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Medical Errors

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NEWS
July 29, 2005 | By Dawn Fallik INQUIRER STAFF WRITER
Some state medical experts say they don't understand why a new federal bill on medical errors - expected to be signed into law within a month - isn't as strong as state law. A bill passed by the U.S. House of Representatives on Wednesday asks hospitals and other health organizations to voluntarily report medical errors to a patient safety organization. The information would be entered into a confidential database so analysts could track and address problems. But in 20 states, including Pennsylvania and New Jersey, reporting health-care mistakes is mandatory and will remain so, leaving some to wonder why the federal bill is less stringent.
NEWS
January 30, 2000 | By Andrea Gerlin, INQUIRER STAFF WRITER
Immediately after opening its session for the year, Congress plowed into the problem of medical errors, holding two Senate hearings on the issue last week. On Tuesday, Sen. Arlen Specter (R., Pa.) said he would introduce a bill that could be a prelude to mandating disclosure of medical errors that harm patients. Within two weeks, he said, he would introduce legislation to fund research to help determine the best way to curb the tens of thousands of deaths each year nationwide that stem from medical errors.
NEWS
June 1, 2004
Let's say you are a hospital patient who has been harmed by a medical error. Try to imagine your reaction in either of these two scenarios: You and your family think some serious mistake in your treatment has been made and you are desperate to learn more. But doctors and hospital staffers won't tell you what happened. Within days, even hours, of the mistake your physician comes to your room to admit error. Based on what the hospital knows so far, he explains what happened and apologizes.
NEWS
December 12, 1999
President Clinton raised the stakes in the developing national debate over how to reduce deaths and injuries from medical mistakes. He announced a series of government initiatives aimed at the problem. On Tuesday, he signed an executive order calling on a White House task force to recommend solutions and to report back within 60 days. He told government agencies that administer health plans for 85 million Americans to take error-reduction measures. "We have the finest health-care system in the world, the best professionals to deliver that care," he said.
NEWS
April 13, 2011 | By Noam N. Levey, Tribune Washington Bureau
WASHINGTON - The Obama administration announced a broad new initiative Tuesday to reduce medical errors, partnering with private insurers, business leaders, hospitals, and patient advocates to tackle a problem that kills thousands of Americans every year. The campaign, funded by the health-care overhaul the president signed last year, aims to cut the number of harmful preventable conditions such as infections that patients acquire in the hospital by 40 percent over the next three years.
NEWS
January 19, 2005
If you need to be hospitalized these days, maybe you'd rather be in Philadelphia. A three-year, regional effort to prevent hospital patients from being harmed by medication errors is producing significant results at 49 area hospitals. On both city and suburban hospital wards, doctors, nurses and staff are taking steps that could reduce the mistakes that injure and kill patients. That means implementing more careful methods for ordering patient medications, expanding safety training, and promoting a more open climate for reporting errors.
NEWS
January 6, 2003 | By Susan FitzGerald INQUIRER STAFF WRITER
Amid growing awareness that medical errors are a problem not just for adult patients, a federal agency has compiled a list of suggestions on how parents can protect their children from mistakes both in the hospital and in the doctor's office. "Very young children can't speak for themselves, so they need someone to be monitoring what's happening to them," said Dr. Carolyn Clancy, acting director of the Agency for Healthcare Research and Quality. "Parents need to be an active part of their child's health-care team.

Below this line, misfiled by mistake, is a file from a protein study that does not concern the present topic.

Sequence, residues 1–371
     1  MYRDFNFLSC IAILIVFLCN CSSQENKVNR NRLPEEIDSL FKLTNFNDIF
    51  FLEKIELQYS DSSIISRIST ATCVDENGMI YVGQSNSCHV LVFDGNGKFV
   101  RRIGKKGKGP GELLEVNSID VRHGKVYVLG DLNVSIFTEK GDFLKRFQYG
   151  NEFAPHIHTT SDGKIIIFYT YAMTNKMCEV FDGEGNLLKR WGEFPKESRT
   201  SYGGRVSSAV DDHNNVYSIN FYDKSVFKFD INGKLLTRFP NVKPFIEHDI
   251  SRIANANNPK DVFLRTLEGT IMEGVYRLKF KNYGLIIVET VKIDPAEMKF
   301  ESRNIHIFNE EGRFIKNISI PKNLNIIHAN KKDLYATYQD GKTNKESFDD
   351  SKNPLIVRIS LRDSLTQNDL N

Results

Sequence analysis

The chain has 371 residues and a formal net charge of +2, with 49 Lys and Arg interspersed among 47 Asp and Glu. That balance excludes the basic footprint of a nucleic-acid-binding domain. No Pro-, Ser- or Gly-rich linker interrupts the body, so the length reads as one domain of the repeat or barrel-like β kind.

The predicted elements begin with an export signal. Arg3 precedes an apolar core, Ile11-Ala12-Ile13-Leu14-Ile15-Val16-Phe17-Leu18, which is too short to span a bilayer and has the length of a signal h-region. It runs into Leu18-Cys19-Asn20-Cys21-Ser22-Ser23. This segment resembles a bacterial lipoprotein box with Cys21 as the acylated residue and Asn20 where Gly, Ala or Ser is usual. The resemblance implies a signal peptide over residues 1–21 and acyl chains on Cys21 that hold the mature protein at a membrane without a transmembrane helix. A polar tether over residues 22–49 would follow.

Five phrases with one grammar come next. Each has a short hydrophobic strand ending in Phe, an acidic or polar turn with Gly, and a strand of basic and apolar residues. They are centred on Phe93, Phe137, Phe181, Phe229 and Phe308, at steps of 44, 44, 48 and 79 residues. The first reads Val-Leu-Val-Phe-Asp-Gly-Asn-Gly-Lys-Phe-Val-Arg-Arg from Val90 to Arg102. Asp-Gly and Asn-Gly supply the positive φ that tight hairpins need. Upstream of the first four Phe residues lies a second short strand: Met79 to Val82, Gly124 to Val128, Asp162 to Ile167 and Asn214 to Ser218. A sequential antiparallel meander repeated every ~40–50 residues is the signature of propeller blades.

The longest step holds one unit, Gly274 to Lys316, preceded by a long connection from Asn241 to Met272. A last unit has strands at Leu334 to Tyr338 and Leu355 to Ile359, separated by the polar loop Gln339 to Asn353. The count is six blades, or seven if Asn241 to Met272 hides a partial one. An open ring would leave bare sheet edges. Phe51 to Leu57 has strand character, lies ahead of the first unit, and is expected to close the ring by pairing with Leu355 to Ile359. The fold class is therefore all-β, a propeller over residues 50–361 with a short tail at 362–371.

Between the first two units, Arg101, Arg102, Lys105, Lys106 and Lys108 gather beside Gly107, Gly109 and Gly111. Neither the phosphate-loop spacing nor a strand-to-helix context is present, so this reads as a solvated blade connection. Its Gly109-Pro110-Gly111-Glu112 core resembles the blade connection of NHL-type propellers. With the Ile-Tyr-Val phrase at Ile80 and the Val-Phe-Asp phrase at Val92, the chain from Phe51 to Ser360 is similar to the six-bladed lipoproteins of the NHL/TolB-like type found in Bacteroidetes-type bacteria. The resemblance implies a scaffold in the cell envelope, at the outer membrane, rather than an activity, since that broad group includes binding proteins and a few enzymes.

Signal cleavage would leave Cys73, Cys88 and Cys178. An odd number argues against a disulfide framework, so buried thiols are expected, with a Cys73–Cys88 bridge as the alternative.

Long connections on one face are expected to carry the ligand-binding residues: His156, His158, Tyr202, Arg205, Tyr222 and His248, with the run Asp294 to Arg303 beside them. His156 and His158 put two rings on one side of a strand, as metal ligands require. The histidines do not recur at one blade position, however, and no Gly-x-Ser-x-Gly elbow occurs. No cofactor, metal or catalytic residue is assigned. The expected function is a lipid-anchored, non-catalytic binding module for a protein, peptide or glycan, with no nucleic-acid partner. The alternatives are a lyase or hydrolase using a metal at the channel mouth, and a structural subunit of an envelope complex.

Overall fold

NEWS
August 3, 2005
If a jumbo jet dropped out of the sky every other day, you can bet all your frequent-flier miles that the nation's leaders would leap into action with a plan to safeguard air travelers. So what's taken Washington policymakers so long to deal with a problem that contributes to as many as 98,000 deaths nationally each year? The problem is medical errors. The scale of the problem has been known at least since 1999, when a landmark Institute of Medicine study cited that number as the upper range of how many people are killed by medical errors annually.
NEWS
February 7, 2000 | By Andrew B. Wigglesworth
Since the release of the National Institute of Medicine report "To Err is Human: Building a Safer Health Care System," there has been a great deal of local and national media coverage about medical errors. As the report indicates, America's health-care providers and hospitals are the best in the world. But as with any system that relies on human beings, our health-care institutions are not infallible. In some cases, errors occur, and sometimes the consequences are tragic. Any error is one too many.
NEWS
December 7, 1999 | By Andrea Gerlin, INQUIRER STAFF WRITER
President Clinton is expected to sign an executive order today directing a task force to find new strategies to reduce medical errors and to instruct government agencies to evaluate and implement error-reduction techniques. White House officials said Clinton would announce the measures in the Rose Garden after a planned morning meeting with representatives of health-care providers, consumers, purchasers, lawmakers, and the Institute of Medicine. "The President believes we should move quickly in this area and is unveiling a series of initiatives to reduce medical error and improve patient safety," said Christopher C. Jennings, deputy assistant to the President for health policy.
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ARTICLES BY DATE
NEWS
May 5, 2013 | By Dr. Daniel Taylor, For The Inquirer
One in an occasional series on attempts to solve a medical mystery. 'I can't move my head" was the first thing our 2-year-old daughter, Sarah, said to me on a cold wintry morning several years ago, as she awakened from a deep sleep. Instinctively, I felt her forehead. Her skin was on fire. I was a second-year pediatric resident at the time. Our training prepared us to consider the worst first, and then to work backward to the probable. "Meningitis, encephalitis, septic shock!